DBF Doctor User's manual

Learn how to fix your corrupted dbf file

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Corrupted DBF Files - How To Prevent and Repair Dbase Corruption

.DBF (DataBase File) files are some of the most commonly used files across multiple applications. First introduced as part of the archaic Dbase language, which later went through multiple versions before finally becoming xBase, the dbf extension has become somewhat of a standard for most programs that compile and structure data into specific 'quantas'. Some of the commonly used programs that generate dbf files as the means to store data are FoxPro, Visual FoxPro, dBase (and it's various versions), many popular games, and interactive programs such as Dragon Naturally Speak. While most programs that use .DBF files never require the user to directly interact with the file itself, some of them, especially those targeted at developers, need constant interaction with the database file. As such, losing data stored in a .DBF file can have severe consequences leading to loss of productivity, and many times hours of work.

Corruption of DBF files is not very common. However, given the number of times a give file needs to be loaded and unloaded in a developmental environment. Since most errors occur during the process of saving and loading, there are a few steps you can take to prevent such damage. There are basically two signs of damaged or corrupt DBF files:

  1. Lack of readable content. If all that is visible when you open the file is gibberish or incomprehensible content, then most likely, the file is corrupt or at the very least damaged.
  2. If the file is unopenable, in that you receive a 'cannot open file' or 'data file inaccessible' error, the file is probably damaged or corrupt.

The next important thing to understand is how a file can get corrupted. According to Microsoft, over 90% of file damage occurs due to improper saving of the file. For example, if the program was shut down as it was saving a file, or the computer lost power during the saving process. Most newer operating systems have in-built instructions to prevent such corruption by ensuring proper saving of the files. Many of the newer versions of Foxpro and other development platforms also have taken measures to prevent such damage. Even so, corruption of DBF files is not all that rare. Usually, it is very hard to pinpoint the exact causes of the corruption of the files when incorrect saving is not involved. All that is known clearly is that the data is almost always restructured in a manner that database reading programs are no longer able to recognize and use it.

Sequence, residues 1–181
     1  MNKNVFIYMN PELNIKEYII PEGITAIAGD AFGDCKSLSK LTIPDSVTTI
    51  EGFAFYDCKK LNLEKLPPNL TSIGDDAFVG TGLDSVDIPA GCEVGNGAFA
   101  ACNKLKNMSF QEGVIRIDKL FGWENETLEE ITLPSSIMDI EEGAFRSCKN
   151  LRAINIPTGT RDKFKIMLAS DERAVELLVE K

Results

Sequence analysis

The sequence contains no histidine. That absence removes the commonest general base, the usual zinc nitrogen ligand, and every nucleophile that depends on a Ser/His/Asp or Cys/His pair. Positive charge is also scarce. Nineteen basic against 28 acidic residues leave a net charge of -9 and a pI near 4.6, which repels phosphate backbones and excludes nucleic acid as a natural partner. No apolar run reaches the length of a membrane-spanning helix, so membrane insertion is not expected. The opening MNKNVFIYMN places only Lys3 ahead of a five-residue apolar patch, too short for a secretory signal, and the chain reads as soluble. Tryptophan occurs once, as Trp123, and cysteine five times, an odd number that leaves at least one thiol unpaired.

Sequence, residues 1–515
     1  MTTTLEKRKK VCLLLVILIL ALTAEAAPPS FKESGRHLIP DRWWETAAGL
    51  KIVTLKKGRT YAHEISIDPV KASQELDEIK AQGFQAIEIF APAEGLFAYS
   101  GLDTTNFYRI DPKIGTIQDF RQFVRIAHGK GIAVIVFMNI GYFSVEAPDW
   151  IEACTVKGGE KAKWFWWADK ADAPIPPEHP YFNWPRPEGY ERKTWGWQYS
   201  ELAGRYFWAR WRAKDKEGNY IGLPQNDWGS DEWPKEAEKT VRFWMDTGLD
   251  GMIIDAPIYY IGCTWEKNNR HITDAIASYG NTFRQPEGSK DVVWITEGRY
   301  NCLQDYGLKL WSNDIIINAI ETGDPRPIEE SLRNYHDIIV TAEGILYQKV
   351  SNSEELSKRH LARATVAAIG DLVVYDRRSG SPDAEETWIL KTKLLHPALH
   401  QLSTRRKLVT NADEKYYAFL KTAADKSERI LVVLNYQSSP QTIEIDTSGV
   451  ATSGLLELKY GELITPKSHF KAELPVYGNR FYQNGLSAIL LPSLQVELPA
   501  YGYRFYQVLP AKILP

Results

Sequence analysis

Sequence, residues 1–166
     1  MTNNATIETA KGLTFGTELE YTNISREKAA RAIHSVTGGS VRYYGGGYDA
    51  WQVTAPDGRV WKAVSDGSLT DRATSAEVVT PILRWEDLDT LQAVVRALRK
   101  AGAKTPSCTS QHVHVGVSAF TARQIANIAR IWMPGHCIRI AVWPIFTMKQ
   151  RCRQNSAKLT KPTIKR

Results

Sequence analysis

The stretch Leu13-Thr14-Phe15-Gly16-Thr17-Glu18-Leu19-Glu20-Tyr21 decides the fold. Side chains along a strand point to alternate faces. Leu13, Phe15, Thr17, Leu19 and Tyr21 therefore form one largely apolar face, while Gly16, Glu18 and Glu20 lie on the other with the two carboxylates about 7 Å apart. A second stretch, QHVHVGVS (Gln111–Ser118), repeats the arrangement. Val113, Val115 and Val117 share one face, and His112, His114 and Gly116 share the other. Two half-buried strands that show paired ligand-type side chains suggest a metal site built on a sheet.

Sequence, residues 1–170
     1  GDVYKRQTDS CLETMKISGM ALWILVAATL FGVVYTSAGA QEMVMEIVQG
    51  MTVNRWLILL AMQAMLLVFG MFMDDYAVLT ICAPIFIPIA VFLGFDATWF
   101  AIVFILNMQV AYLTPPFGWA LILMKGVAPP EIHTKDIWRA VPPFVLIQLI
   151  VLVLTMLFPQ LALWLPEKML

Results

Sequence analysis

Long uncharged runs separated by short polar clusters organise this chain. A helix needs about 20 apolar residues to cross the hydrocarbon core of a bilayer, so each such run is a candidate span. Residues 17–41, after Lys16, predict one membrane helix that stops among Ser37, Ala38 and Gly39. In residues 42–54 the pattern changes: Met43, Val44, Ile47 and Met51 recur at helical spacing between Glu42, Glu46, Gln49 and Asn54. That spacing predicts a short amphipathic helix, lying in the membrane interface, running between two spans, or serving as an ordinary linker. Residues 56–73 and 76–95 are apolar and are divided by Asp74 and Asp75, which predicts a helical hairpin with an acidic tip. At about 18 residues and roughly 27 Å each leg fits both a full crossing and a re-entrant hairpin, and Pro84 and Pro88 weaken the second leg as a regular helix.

DBF Repair - How To Recover DBF Files

It is impossible to repair DBF files without using a good DBF repair program. The file needs to be deeply studied, and the data within re-organized making ir readable to a regular DBF reader. The data must also be studied for differences between which sectors of the file are 'newer' than the others. This is usually done by looking at the date and time stamps on the data. If this is inconsistent with the data, then it indicates irregular saving, or errors during the save. This is, as is obvious, most common in corrupt data which is a result of incorrect saving. A good DBF repair software should be able to go through the given file, into the unstructured data, and place the related data packets together where they belong. This restructuring allows a standard DBF file reader to understand the data again and open the file normally.

Once the file is repaired and the data restored, it is recommended to open the file again and save it as a different copy on another medium of storage. This will ensure that you have a non-corrupt copy of the file as backup and don't have to go through the DBF repair software over and over.

The author is an established expert in the areas of dbase repair and provides software for DBF Fix. For more information regarding instant recovery of lost data due to corruption of DBF files, please visit the author's website here - DBF Repair

articles/corrupted_dbf_files.txt · Last modified: 2016/04/21 09:01 by dbffix

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